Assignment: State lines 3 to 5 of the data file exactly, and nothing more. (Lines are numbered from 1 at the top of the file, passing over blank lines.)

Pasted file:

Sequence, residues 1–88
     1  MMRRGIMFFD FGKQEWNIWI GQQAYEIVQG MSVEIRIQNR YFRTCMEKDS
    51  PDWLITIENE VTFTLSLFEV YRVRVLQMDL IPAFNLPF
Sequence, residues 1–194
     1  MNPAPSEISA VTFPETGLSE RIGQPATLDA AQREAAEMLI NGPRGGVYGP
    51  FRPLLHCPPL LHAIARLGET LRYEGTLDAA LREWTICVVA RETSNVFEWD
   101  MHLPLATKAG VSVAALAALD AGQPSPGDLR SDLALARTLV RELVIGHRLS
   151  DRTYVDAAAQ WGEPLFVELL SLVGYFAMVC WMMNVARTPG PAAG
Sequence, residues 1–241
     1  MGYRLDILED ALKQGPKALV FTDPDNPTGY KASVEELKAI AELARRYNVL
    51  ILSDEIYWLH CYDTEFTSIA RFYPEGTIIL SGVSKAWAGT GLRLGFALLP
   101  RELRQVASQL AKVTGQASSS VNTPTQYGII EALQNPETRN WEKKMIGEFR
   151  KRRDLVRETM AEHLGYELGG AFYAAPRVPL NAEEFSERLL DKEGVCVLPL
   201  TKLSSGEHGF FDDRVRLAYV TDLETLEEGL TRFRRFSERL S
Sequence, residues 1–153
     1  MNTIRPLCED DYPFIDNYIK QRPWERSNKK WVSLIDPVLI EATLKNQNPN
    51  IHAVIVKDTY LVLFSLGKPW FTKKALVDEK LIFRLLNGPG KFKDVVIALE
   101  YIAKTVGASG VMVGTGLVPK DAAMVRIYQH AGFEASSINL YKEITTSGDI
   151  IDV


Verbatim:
    51  PDWLITIENE VTFTLSLFEV YRVRVLQMDL IPAFNLPF
Sequence, residues 1–194
     1  MNPAPSEISA VTFPETGLSE RIGQPATLDA AQREAAEMLI NGPRGGVYGP